Iraqis in U.S. Won't Vote on Constitution
The Iraqi Electoral Commission will not allow Iraqi expatriates to vote on a new constitution, effectively locking out a quarter-million votes from mostly religious minorities living in the United States, Britain, and other countries.
The decision, revealed by Electoral Commission member Fareed Ayar in a telephone interview Tuesday (August 2) from Baghdad, is certain to alienate the Christian minorities who comprise most Iraqi exiles.
"You're changing the entire demographics of the country. If we don't vote, then we'll all be forced to leave there," said Nahrain Kamber, a ChaldoAssyrian Christian who lives in Palo Alto, Calif., who cast her ballot from the United States in January. "Given the history of what's been going on with the Christian minorities it looks like Iraq will be an Islamic state, as scary as that is."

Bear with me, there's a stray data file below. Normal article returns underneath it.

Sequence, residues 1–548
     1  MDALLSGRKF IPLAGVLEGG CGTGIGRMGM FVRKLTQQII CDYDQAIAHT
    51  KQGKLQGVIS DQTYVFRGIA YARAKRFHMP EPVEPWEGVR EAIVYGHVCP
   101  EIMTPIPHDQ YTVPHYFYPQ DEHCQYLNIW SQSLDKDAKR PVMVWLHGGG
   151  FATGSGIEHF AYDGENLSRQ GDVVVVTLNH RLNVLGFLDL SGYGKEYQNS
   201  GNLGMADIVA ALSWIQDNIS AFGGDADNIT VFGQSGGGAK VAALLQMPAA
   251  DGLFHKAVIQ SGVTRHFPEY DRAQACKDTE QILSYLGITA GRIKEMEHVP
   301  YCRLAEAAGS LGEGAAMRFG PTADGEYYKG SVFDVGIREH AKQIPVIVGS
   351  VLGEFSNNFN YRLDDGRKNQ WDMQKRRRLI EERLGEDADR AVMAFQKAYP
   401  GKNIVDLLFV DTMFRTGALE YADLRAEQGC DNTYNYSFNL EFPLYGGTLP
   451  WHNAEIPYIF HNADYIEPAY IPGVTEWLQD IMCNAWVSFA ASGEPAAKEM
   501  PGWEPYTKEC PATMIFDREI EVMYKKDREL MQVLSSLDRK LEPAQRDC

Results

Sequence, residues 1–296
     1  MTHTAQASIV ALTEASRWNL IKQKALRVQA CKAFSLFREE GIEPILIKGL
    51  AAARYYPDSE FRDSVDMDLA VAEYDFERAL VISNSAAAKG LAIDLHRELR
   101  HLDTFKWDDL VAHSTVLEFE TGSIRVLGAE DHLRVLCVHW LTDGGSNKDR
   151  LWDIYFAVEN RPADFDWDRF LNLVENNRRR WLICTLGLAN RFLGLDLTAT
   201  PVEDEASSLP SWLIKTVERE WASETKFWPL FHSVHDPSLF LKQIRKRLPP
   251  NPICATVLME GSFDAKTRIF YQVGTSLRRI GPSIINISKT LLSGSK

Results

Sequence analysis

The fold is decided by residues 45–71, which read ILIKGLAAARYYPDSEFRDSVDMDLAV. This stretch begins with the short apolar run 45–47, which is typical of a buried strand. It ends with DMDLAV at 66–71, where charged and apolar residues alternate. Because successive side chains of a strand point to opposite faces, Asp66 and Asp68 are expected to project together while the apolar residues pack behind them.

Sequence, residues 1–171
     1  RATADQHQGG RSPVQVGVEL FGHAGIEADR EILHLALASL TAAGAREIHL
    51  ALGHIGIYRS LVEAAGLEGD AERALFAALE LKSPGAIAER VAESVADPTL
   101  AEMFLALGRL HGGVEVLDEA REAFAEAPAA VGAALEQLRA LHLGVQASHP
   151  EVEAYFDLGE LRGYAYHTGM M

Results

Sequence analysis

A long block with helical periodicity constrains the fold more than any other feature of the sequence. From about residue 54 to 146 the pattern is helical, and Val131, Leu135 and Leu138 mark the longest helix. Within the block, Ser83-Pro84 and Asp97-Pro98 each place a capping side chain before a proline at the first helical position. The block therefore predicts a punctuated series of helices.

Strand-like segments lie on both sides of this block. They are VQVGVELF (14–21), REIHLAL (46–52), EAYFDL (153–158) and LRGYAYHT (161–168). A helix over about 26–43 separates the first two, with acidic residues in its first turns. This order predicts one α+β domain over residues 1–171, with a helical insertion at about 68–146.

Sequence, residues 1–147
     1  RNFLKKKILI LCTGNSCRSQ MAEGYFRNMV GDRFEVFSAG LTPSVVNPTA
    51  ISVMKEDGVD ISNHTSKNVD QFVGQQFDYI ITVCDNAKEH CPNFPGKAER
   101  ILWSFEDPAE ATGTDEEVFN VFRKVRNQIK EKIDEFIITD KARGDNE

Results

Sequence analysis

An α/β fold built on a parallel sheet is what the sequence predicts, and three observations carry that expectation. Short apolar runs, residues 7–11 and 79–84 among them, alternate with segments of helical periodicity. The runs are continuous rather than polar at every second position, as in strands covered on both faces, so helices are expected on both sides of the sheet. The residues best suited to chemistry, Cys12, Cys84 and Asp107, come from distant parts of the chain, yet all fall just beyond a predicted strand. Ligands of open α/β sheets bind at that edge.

New parliamentary elections will be held by the end of the year, following ratification of the new constitution. The commission does not yet know if those elections will be open to out-of-country voters. "It depends on the law of the elections which is now transitional, and then we will decide," Ayar said.
Ayar said that the organization running the elections had initially estimated an expatriate turnout of 1.25 million, but "we discovered only 250,000, which is a very low percent." Officials of the International Organization of Migration, which ran the election, said they had only two months to launch a global get-out-the-vote effort.
Expatriate leaders have alleged widespread voter fraud in their towns during the historic Jan. 30 elections. Ayar denied those allegations. "We didn't get anything official that there was any fraud in any place in the last election, and we will do our best to make our next election ...